SEN. BERNIE SANDERS [I-VT]: These laws are dangerous, they are regressive, and they are blatantly unconstitutional.
PROTESTERS: My body, my choice! My body, my choice!
GOSK: On Sunday, protesters throughout the state voicing their frustration.
PROTESTERS: I don’t think this is an argument over life not being precious, but at this point you’re put putting a clump of cells over a fully developed person.
JONES: Steph, what’s been the reaction from abortion rights supporters to the rise of these restrictions nationwide?
GOSK: Well, Sheinelle, it’s all been happening so rapidly in the last couple of weeks that there’s been a bit of surprise, but also there’s been organization. You had major abortion rights groups calling for a day of action tomorrow across the country, including the ACLU and Planned Parenthood, they’re asking their supporters to come out and protest with the #StopTheBans. Back to you guys.
JONES: Alright, Stephanie, thank you.
Here is a full transcript of the segment on ABC’s GMA:
7:06 AM ET
STEPHANOPOULOS: Okay, we’re gonna get the latest now, Robin, on the escalating battle over abortion. Missouri has joined a series of states passing bans that could be headed to the Supreme Court. But now President Trump and top GOP lawmakers in Washington are backing away from some of the most restrictive laws, concerned about a voter backlash in 2020. Our senior congressional correspondent Mary Bruce is in Washington with the story. Good morning, Mary.
MARY BRUCE: Good morning, George. Well, more than a dozen states have now passed new restrictions on abortions. But now we are seeing a growing number of Republicans who are anti-abortion saying they are not on board with parts of these strict new bans, including now the President.
[ON-SCREEN HEADLINE: Abortion Ban Battle Escalates; Trump Sounds Off on New State Laws]
PROTESTERS: My body, my choice!
BRUCE: With states across the country passing new restrictions on abortion, President Trump is now wading into the debate, suggesting some laws maybe going too far, tweeting this weekend, “I am strongly pro-life, with the three exceptions – rape, incest and protecting the life of the mother,” adding, “We must stick together and win for life in 2020.” But in Missouri...
PROTESTERS: People die when politicians lie!
BRUCE: ...where protesters flooded the state capitol this weekend, the governor now stands ready to sign a bill banning abortions after eight weeks. That does not include exceptions for rape or incest.
GOV. MIKE PARSON [R-MO]: I've been pretty clear where I’ve been from day one on the right to life. I think always, always it’s the most important to protect women’s health and advocate for the unborn.
BRUCE: And in Alabama, where the Governor just signed a near total ban on all abortion, the only exception is if the mother’s life is in danger. The abortion debate now front and center on the campaign trail, too.
SEN. KIRSTEN GILLIBRAND [D-NY]: I hope America’s women are paying attention, because President Trump has started a war on America’s woman. And if it’s a fight he wants to have, it’s a fight he’s gonna have.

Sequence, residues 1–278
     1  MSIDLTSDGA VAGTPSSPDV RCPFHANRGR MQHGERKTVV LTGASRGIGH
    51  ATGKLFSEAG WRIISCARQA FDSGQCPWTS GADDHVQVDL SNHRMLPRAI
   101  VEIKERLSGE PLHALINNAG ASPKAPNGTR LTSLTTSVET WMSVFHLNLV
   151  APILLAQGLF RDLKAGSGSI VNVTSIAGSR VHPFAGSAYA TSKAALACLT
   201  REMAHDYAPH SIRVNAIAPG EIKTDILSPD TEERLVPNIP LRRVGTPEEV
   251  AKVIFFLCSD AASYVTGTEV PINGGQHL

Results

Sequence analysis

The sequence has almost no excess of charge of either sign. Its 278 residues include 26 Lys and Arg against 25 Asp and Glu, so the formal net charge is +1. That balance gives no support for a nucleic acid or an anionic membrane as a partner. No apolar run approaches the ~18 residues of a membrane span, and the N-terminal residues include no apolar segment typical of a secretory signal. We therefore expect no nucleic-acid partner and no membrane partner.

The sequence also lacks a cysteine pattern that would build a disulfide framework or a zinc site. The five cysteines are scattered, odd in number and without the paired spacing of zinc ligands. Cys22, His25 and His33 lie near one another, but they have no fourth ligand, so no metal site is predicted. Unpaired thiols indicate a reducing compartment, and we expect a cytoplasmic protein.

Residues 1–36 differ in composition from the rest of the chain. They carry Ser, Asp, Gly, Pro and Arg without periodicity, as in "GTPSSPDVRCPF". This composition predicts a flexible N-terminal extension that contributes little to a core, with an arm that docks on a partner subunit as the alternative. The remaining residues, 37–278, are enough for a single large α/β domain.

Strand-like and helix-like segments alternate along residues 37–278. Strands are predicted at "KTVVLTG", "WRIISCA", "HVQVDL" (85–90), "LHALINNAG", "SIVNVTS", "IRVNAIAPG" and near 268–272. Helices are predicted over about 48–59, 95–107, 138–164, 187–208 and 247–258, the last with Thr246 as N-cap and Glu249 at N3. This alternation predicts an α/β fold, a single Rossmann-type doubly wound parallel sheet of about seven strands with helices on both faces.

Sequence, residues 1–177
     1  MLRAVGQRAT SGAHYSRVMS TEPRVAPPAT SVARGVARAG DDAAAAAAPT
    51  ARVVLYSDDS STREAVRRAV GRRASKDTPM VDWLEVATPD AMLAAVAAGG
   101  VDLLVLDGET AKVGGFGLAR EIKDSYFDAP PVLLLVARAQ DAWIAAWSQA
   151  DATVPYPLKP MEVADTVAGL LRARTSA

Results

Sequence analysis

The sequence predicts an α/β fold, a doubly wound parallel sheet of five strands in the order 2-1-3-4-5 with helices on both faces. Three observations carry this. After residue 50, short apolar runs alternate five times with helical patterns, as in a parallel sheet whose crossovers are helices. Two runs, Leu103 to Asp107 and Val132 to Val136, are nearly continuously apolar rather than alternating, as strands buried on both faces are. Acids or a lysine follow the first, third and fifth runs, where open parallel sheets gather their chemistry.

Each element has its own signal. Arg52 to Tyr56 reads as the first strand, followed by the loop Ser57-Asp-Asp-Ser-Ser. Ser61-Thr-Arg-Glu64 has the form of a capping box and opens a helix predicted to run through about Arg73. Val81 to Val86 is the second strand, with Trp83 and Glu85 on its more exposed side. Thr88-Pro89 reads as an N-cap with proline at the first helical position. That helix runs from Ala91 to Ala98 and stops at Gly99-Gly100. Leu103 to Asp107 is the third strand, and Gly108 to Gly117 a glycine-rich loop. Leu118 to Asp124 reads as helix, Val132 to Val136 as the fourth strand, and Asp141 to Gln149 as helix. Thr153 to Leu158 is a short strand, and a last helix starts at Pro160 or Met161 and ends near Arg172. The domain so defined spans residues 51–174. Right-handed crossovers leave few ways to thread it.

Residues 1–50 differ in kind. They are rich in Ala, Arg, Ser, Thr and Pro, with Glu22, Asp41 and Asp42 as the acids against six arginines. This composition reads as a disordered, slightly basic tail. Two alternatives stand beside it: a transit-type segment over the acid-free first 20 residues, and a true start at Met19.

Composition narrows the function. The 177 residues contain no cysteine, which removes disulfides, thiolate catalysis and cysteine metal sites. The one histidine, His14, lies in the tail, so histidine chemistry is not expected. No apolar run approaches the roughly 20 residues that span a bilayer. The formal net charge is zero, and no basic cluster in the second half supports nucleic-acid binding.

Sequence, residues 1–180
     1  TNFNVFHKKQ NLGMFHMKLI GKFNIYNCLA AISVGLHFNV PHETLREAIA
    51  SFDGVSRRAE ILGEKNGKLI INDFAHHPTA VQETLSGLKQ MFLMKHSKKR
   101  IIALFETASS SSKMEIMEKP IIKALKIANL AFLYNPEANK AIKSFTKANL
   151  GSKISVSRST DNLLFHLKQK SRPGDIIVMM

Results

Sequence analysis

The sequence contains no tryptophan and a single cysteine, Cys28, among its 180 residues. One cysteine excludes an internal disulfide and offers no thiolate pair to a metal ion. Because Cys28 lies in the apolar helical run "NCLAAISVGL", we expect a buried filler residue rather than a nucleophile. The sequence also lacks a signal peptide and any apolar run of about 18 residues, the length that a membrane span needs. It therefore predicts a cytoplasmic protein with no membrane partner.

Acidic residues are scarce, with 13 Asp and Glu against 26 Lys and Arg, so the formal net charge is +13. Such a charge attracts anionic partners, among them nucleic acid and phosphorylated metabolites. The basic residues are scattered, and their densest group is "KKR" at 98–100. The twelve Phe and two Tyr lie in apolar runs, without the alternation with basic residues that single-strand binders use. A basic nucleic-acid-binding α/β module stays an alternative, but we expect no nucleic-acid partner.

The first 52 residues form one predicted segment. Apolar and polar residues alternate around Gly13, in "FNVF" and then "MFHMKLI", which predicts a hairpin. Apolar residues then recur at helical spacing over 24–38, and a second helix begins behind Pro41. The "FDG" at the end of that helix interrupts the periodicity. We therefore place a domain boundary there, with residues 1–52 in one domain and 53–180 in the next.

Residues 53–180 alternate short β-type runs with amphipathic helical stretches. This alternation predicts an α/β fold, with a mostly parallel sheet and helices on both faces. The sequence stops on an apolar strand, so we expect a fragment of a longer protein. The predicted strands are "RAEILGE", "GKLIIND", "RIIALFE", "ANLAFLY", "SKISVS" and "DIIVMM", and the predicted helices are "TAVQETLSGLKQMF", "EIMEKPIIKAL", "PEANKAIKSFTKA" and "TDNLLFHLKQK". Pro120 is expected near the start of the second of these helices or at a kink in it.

PETE BUTTIGIEG: The dialogue has got so caught up on where you draw the line that we’ve gotten away from the fundamental question of who gets to draw the line. And I trust women to draw the line when it’s their own body.
BRUCE: Now, George, supporters of these new restrictions say they have a clear goal, they want this issue to be taken up and challenged in the Supreme Court. And, George, while the President may take issue with some of these new laws, he has also promised to overturn Roe v. Wade by appointing anti-abortion justices to the Supreme Court.
STEPHANOPOULOS: Yeah, he’s caught in a bit of a dilemma on that one, Mary.
Here is a full transcript of the segment on CBS This Morning:
7:13 AM ET
ANTHONY MASON: President Trump is backing away from Alabama's near total ban on abortion passed last week. In a tweet, he suggested the state went too long. Jan Crawford covers the Supreme Court. Jan, why is the president weighing in more now?
JAN CRAWFORD: Well, Anthony, I think some White House advisers are worried that these restrictive state abortion laws are making Republicans seem extreme and that could galvanize women and Democrats. So, his tweets are basically telling state officials who might be considering laws like Alabama’s, which has no exceptions for rape or incest, to tone it down. A White House official told CBS News he respected states' rights but he would not have signed that Alabama law. And other top Republican leaders have also distanced themselves from the Alabama law saying it doesn't have those exceptions for rape and incest. Now, keep in mind, Alabama lawmakers said they wrote that law solely to challenge Roe v. Wade in this newly conservative Supreme Court. But here’s the thing: It probably won’t even get there because it’s so extreme, the lower courts are likely to strike it down first. But there are several other less restrictive case that could get to the Court. Of course, right in the middle of the 2020 campaign. Tony?
TONY DOKOUPIL: Jan, thank you.